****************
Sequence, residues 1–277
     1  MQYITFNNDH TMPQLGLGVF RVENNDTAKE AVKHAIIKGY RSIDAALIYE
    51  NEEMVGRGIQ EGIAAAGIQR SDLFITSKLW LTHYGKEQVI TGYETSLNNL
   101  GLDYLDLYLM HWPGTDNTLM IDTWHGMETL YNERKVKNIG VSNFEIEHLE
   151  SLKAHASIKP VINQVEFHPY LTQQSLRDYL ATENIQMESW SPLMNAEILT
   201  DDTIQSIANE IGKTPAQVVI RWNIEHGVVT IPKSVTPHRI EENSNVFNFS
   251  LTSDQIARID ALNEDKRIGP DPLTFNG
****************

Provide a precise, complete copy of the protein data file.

Sequence, residues 1–277
     1  MQYITFNNDH TMPQLGLGVF RVENNDTAKE AVKHAIIKGY RSIDAALIYE
    51  NEEMVGRGIQ EGIAAAGIQR SDLFITSKLW LTHYGKEQVI TGYETSLNNL
   101  GLDYLDLYLM HWPGTDNTLM IDTWHGMETL YNERKVKNIG VSNFEIEHLE
   151  SLKAHASIKP VINQVEFHPY LTQQSLRDYL ATENIQMESW SPLMNAEILT
   201  DDTIQSIANE IGKTPAQVVI RWNIEHGVVT IPKSVTPHRI EENSNVFNFS
   251  LTSDQIARID ALNEDKRIGP DPLTFNG